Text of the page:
CHAPTER 5 FINANCE
“I was horrified to meet a
designer recently who was
showing his collection with
no understanding of
what his garments would
cost to make in a
factory. It is imperative
understand how to make
the garments as well as
design them” Anne Tyrrell,
British Fashion Council.
Understanding the breakeven position is vital to survival and
profitability. The break even position is the sales volume
which generates sufficient revenue to cover all the costs of
the business but no profit. Designers must know the total
cost of the overheads of their business, all the other costs
than those costs directly relating to garments which are
included on the costing sheet.
There are two broad categories of costs: manufacturing and
overhead. A simplistic view of manufacturing costs would be:
Fixed cost of materials (fabric & trims)
+ Variable cost of labour to produce and pack garments
+ Costs to deliver garments to the warehouse
= Total delivered cost
Variable costs change in proportion to the number of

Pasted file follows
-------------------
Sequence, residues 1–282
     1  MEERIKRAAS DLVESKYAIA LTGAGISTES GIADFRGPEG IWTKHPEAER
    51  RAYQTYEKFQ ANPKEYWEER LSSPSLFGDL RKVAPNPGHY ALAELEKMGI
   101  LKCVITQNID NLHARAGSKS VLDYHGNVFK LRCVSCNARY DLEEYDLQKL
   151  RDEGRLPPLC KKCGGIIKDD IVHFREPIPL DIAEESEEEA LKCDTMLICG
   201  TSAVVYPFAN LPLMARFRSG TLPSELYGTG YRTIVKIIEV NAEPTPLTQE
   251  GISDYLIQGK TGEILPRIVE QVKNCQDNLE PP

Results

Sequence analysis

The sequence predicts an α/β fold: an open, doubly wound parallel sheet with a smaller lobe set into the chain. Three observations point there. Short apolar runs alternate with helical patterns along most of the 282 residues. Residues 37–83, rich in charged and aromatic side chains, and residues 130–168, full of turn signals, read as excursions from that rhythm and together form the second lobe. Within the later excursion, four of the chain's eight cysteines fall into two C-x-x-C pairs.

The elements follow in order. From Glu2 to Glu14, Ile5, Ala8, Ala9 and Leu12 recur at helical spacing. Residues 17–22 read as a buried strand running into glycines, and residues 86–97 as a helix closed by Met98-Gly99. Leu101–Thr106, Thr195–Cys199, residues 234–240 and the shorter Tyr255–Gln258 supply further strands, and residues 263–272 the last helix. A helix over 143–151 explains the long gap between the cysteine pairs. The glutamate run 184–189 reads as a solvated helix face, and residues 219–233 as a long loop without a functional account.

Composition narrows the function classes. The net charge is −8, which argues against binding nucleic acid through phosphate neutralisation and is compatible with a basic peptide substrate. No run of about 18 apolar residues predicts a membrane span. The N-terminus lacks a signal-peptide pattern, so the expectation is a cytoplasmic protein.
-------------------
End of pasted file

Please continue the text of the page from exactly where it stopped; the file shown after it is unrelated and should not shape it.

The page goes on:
garments produced. In the case of delivery costs can be
both fixed and variable. The cost per delivery could be a
minimum charge of £100, which would equate to £1 per
garment for 100 pieces or £10 for 10. However a charge is
variable if it is based on cost per unit e.g. £1 per garment or
£20 per box.
Critical to pricing is an understanding of total manufacturing
costs and having accurate records on which to base the
recovery of these costs within the pricing structure.
Overhead costs include all those other items of cost, which
cannot be attributed directly to a product and these are
shown in the list on the following page.
CHAPTER 5 FINANCE
This chapter looks at the role of finance within the design/manufacturing business mix. It highlights the importance of the financial
side of the business and its role in developing a successful manufacturing base.
Three of the key barriers to successful commercial relationships between